Rock salts can cause discomfort on paws so wash them regularly.

Small furries! 

Outdoor pets, such as rabbits and guinea pigs, need extra bedding, such as dust-free hay, and extra blankets during the cold winter months, covered heat pads such as snuggle-safes can be placed to keep them warm. Make sure their home is protected from adverse weather by using blankets or covers which can be purchased to help insulate hutches in the winter months, just ensure there is adequate ventilation. Ensure their home is placed in a sheltered position, facing away from the wind and rain.

If the temperature drops well below freezing you may want to consider moving their enclosure into an outhouse shed or unused garage. If you decide to bring your rabbits or guinea pigs indoors they’ll need plenty of time and room to exercise safely.

Many of our pets suffer from stiffer joints through the winter and if any arthritic changes these may worsen so a consultation with one of our vets if you feel your pet is struggling is well worth while. Please contact the surgery to book an appointment.

Thank you to lovely “Princess” our little model on the feature image.

 

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Prepare for firework season 2018

Firework Season will be shortly upon us, and for some of our pets this can be a very stressful time.  As owners we can reduce this stress by putting a few changes in place before the fireworks begin.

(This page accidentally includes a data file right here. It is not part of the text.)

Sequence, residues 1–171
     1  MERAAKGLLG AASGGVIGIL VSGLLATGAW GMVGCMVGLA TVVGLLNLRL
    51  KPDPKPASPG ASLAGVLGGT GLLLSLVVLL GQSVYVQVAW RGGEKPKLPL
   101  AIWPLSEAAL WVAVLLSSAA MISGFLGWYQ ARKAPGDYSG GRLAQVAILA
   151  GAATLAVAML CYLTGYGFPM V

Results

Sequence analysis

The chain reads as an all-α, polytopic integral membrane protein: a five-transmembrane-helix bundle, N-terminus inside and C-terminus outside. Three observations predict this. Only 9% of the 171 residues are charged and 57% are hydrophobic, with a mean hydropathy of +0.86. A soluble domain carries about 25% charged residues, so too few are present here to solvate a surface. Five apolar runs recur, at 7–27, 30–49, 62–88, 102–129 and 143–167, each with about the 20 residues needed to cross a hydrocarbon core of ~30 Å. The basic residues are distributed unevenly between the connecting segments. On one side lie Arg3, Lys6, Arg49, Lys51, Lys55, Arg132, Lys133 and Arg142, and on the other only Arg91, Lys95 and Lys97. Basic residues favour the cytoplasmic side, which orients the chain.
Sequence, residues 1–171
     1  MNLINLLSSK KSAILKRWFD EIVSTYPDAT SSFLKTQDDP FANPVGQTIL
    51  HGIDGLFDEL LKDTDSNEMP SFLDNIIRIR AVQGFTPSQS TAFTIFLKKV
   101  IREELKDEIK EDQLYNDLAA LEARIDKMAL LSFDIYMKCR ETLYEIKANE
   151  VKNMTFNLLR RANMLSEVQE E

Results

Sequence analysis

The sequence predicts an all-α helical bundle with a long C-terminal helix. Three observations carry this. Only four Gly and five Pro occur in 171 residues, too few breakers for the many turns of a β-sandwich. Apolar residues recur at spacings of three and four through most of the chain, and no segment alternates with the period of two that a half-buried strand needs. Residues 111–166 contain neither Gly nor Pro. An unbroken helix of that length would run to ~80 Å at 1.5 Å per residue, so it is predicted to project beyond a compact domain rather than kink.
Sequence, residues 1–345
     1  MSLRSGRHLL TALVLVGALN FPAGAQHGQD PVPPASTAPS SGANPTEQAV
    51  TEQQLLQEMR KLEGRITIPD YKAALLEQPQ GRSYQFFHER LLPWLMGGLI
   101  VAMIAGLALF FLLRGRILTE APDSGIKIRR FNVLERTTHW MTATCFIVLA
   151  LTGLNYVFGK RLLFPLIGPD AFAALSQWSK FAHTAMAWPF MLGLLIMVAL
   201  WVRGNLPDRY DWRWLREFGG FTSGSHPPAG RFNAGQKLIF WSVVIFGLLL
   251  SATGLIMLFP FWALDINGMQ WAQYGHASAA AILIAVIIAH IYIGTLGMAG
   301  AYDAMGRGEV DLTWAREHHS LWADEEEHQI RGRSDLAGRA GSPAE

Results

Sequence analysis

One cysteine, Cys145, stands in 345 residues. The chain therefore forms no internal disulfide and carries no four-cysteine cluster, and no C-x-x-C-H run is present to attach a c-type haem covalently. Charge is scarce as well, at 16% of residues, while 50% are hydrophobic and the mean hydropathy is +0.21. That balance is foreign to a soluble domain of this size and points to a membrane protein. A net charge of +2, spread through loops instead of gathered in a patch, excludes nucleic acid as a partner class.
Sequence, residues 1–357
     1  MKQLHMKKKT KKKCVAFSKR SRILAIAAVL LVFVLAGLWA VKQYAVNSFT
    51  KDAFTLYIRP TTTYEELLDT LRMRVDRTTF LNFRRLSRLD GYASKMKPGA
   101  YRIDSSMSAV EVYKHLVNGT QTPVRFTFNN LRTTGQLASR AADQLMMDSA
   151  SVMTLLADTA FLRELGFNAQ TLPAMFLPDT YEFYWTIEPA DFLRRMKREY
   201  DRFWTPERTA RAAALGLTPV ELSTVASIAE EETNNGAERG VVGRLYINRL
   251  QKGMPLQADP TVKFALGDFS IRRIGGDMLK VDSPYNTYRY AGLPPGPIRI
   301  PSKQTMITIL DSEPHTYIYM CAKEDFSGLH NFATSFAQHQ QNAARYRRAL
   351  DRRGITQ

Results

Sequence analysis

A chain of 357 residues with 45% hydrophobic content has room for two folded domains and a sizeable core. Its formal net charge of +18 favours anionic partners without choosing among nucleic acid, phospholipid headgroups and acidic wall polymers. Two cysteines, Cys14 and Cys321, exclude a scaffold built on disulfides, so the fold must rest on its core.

If possible walk dogs before dark, keep cats in doors with a litter tray. Make a den for your cat or dog somewhere safe and contained which is covered and comfortable. A spray of pheromone or plug in like Adaptil diffuser in the area of the den.  We can recommend other natural supplements that help calm and reduce stress to start a few days before, Like Yucalm or Zyklene.  Keep rabbits/guinea pigs partly covered well to keep out the as much noise and light as possible. Extra bedding to burrow into. Please also read our previous blog last year for other tips.

Try to keep calm around your pet and shut out the noise and light by keeping the radio on or tv.  A reminder to check Id chips and name tags in case any pet goes missing if scared off or hiding.

All of us at Emscote are happy to advise and discuss any worries you have regarding your pet around this time.  Please contact the surgery to book an appointment to discuss help for your pet if you’re worried.

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Ticks are on the march

Ticks………nasty little insects….

We are currently still in tick season and from September through to November tick activity is high and their population increases so tick prevention and treatment is really important for our pets as ticks are vectors for certain diseases, read the following link from the kennel club.

https://www.thekennelclub.org.uk/health/for-owners/ticks/?gclid=CjwKCAjw8ajcBRBSEiwAsSky_ZyujF2UOZ9zENuo2jVW7jwj6dRkTIyxOHC0ngdaZJsFhksk1JT7bRoCUwgQAvD_BwE